Banking collapse looking possible

In March 26, 2020, the The Federal Reserve Board reduced reserve requirement ratios on all net transaction accounts to zero percent, eliminating reserve requirements for all depository institutions.

Last March, over the course of five days, three small-to-mid size U.S. banks failed, triggering a sharp decline in global bank stock prices and swift response by regulators to prevent potential global contagion. They have held the line for 12 months.

The current Deposit to Loan Ratios means the banks can not sustain any type of run on the banks.

Today is a big day

Effective, today, March 11, 2024 there will be no more money to loan out and the Fed will pick and choose who gets to loan out money. And while no bank of meaningful size has failed in 10 months, there is concern. A year after the Bank Term Funding Program was unveiled on a Sunday afternoon the sunset of new lending at the BTFP is raising questions about how the central bank will respond to the inevitable return one day of banking trouble. When people realize what is happening there will be a run on the banks.

To ensure deposit-taking banks could get the money they needed, the BTFP offered loans on eligible collateral without the penalties usually imposed by Fed emergency lending, doing so on relatively cheap terms.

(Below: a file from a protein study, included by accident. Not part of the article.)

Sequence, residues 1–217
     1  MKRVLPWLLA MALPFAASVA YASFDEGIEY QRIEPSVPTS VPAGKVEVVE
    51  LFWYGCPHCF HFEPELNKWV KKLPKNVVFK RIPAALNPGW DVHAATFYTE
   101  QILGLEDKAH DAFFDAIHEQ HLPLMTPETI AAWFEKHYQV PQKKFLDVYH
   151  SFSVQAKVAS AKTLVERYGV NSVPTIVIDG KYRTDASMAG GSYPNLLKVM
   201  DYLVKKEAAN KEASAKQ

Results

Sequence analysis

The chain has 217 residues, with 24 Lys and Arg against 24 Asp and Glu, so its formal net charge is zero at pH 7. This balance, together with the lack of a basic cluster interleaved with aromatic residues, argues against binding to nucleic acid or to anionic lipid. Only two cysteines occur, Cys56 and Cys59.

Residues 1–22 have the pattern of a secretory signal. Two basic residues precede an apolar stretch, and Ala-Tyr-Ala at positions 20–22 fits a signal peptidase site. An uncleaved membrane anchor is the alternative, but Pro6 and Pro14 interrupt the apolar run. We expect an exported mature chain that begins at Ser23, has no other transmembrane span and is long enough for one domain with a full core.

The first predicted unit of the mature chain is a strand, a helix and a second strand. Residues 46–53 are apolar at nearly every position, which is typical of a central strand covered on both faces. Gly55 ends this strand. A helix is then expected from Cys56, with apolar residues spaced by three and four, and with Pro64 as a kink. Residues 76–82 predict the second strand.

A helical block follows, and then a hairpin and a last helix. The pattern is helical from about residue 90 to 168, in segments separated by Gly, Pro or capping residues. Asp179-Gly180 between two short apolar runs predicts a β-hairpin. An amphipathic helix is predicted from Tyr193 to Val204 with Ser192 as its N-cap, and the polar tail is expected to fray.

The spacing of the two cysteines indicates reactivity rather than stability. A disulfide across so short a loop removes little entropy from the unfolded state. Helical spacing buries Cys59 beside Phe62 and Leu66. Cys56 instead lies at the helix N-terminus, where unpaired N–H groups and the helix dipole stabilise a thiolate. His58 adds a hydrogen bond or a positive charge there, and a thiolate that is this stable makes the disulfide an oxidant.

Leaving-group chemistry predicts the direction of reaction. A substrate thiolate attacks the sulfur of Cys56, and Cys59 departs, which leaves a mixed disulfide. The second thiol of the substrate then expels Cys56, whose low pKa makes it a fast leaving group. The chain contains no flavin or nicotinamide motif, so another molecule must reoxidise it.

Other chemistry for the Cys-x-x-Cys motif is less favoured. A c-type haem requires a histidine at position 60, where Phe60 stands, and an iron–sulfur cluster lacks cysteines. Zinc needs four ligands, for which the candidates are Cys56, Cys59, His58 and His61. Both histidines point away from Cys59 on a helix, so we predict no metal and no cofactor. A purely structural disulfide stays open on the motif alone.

That configuration generated large amounts of borrowing even when the most acute phase of the crisis was in the rear view mirror. Jumps in borrowing at the discount window last spring quickly abated to normal levels while BTFP borrowing ground ever higher as banks appeared to be exploiting its low rate relative to other sources of short-term funding. 

In late January the Fed shut down that arbitrage play, and new loans have all but dried up since, with the facility’s credit outstanding holding at around the $160 billion mark.

Congress passed the bail-in provision with 2010 Dodd-Frank Wall Street Reform and Consumer Protection Act which allows the banks to confiscate assets. The bail-in relief was legalized in the U.S. following the 2007–2008 financial crisis in which banks deemed “too big to fail” were bailed out by the U.S. government. The specific section of Dodd-Frank that deals with bail-ins is Title II: Orderly Liquidation Authority (OLA). Primer here.

Who’s exposed? Who knows? Maybe all of us. Where will they look to plug the “too big to fail” holes this time?

✅401Ks (Retirement Accounts) – currently there are $27T in retirement accounts
✅People with cash positions in banks will have their money taken.

The banks have already started this by limiting how much cash you can take out, transfer on Zelle or move in general. Is this in preparation for a bank run?

What could this mean?
The impoverishment of the middle class leading to a recession and then depression. It’s time to prep with food and hard assets.